Content Regulation / Censorship, Hate Speech, Public Order
Norwood v. United Kingdom
Closed Expands Expression
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The conviction of the applicant journalists for reporting statement by member of a terrorist organization violated the right to freedom of expression under Article 10 of the European Convention on Human Rights (“ECHR”).
Applicants, Zozan Sezen and Memet Aslan, Turkish nationals born in 1976 and 1952, were the owner of a bi-monthly periodical, Dema Nu, and the editor-in-chief, respectively.
Aslan and Sezen (no.1) v. Turkey concerned an article published in that bi-monthy periodical, Dema Nu, on 1 February 2003 which described a series of conflicts that occurred in southeast Turkey between the Kurdistan Workers’ Party and the Turkish army. The State Security Court ordered the confiscation of the periodical issue in question and the prosecutor called for both applicants to be convicted for publishing statements by an illegal armed organization, the Kurdistan Workers’ Party, in their newspaper. In June 2003, the State Security Court not only convicted the two applicants of an offense under the anti-terrorist legislation and imposed fines, but it also ordered the temporary closure of the newspaper for a day. As a result, both applicants then appealed on points of law but the Court of Cassation upheld the judgment.
Aslan and Sezen (no.2) v. Turkey concerned the publication of articles in the 30 April 2002 issue of the same periodical, Dema Nu, resulting in the confiscation of copies of the issue in question on an order by a judge of the State Security Court, and subsequently the imposition of fines on Mr. Aslan and Ms. Sezen on the ground that their newspaper had published a statement by a terrorist organization, the Kurdistan Workers’ Party. The State Security Court ordered that no issues of the newspaper be published for an entire week. Despite the Appeal, the Court of Cassation upheld that judgment.
With regards to whether The Turkish Court of Cassation had violated the applicants’ right to freedom of expression under Article 10 of the ECHR, the Court considered whether the seizure of the relevant issue of the newspaper was foreseeable by law, pursuing a legitimate aim and necessary in a democratic society. The Court noted that it was undisputed between the parties that the state interference in this case consisting of the seizure of the newspaper and the indictment of the applicants for the above offense was perscribed by law and pursued a legitimate aim, namely the maintenance of public safety, law defense and crime prevention within the meaning of Article 10 (2) of the Convention. The dispute rather concerned the question of whether the interference was “necessary in a democratic society.”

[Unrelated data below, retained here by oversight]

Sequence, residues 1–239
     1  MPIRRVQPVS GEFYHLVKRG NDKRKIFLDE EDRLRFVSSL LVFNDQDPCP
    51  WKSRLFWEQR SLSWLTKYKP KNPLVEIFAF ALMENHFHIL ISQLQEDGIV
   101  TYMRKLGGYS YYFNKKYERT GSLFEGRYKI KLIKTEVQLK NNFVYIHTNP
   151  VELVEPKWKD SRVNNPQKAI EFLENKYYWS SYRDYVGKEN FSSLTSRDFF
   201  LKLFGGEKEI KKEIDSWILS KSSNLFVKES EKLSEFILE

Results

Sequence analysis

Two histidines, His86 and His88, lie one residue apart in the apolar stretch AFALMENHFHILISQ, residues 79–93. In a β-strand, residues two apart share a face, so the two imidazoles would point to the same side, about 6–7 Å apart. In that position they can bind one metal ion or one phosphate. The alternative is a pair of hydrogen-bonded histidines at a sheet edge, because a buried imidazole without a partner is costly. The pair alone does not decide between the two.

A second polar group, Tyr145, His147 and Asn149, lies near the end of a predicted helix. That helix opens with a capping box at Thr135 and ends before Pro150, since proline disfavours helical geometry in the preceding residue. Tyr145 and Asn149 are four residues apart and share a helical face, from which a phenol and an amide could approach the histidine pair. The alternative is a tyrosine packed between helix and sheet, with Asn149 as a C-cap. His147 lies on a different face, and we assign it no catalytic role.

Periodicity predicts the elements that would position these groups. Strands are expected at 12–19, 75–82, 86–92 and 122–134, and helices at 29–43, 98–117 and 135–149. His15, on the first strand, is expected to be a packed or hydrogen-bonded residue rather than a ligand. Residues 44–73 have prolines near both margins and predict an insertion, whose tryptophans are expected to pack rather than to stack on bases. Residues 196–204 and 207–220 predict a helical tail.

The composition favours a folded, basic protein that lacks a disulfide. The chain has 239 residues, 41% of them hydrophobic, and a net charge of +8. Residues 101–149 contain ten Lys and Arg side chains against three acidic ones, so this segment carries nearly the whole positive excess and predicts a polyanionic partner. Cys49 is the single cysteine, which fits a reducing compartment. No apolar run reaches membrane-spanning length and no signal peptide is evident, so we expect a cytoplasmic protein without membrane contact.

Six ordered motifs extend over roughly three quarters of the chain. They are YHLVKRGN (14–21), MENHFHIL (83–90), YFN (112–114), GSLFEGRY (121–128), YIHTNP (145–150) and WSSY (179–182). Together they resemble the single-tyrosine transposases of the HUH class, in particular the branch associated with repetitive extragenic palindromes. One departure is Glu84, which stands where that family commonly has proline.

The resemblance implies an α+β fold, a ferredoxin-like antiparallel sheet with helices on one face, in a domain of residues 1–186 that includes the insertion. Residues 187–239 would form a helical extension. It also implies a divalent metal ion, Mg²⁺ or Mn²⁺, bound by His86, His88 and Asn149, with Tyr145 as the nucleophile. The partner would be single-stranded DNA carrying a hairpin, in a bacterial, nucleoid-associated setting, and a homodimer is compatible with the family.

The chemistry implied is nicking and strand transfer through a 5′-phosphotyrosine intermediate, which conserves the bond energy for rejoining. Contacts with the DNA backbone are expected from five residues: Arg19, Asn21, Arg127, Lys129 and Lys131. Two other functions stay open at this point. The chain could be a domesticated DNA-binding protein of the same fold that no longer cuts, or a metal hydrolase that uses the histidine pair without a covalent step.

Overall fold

The Court paid particular attention to the words used in this article and the context of its publication, taking into account the circumstances surrounding the case submitted to it, particularly problems linked to the fight against terrorism. It noted that, taken as a whole, the text contained no call for the use of violence, armed resistance, or insurrection, and did not constitute hate speech, which are the essential elements to be considered. Moreover, it observed that the trial court did not conduct any examination of the text and they convicted the applicants simply because they had published a text by the terrorist organization. Having considered the reason given by the national courts to order the applicants, the Court concluded that it cannot be considered, as such, sufficient to justify the interference with the applicants’ right to freedom of expression. Accordingly, there had been a violation of Article 10 of the Convention.
With regards to the applicants’ complaint of a breach of the principle of equality of arms and denounce the seizure of the disputed procedure newspaper, given the place occupied in the courtroom by the prosecutor about the State Security Court, which according to them sat at the same rank as the judges, the Court held the application inadmissible. In reaching this decision, the Court recalled its previous decision in Chalmont v. France; the circumstances denounced were not sufficient to call into question the equality of arms, since, if the prosecutor was given a “physical” position in the privileged room hearing, the accused were not placed in a real disadvantage for the defense of their interests.
The Court also held the respondent State was to pay the applicants, within three months from the date on which the judgment becomes final according to Article 44 § 2 of the Convention, 1500 EUR, plus any tax that may be chargeable to tax for non-pecuniary damage, to be converted into national currency at the rate applicable at the date of settlement.
Decision Direction indicates whether the decision expands or contracts expression based on an analysis of the case.
The decision expands expression by protecting the right of journalists to publish statements made by controversial organizations under Article 10 ECHR.
Global Perspective demonstrates how the court’s decision was influenced by standards from one or many regions.
Case significance refers to how influential the case is and how its significance changes over time.
The decision puts ECHR States Parties on notice that the ECtHR will protect journalists’ rights to publish statements made by potentially terrorist organizations.
Let us know if you notice errors or if the case analysis needs revision.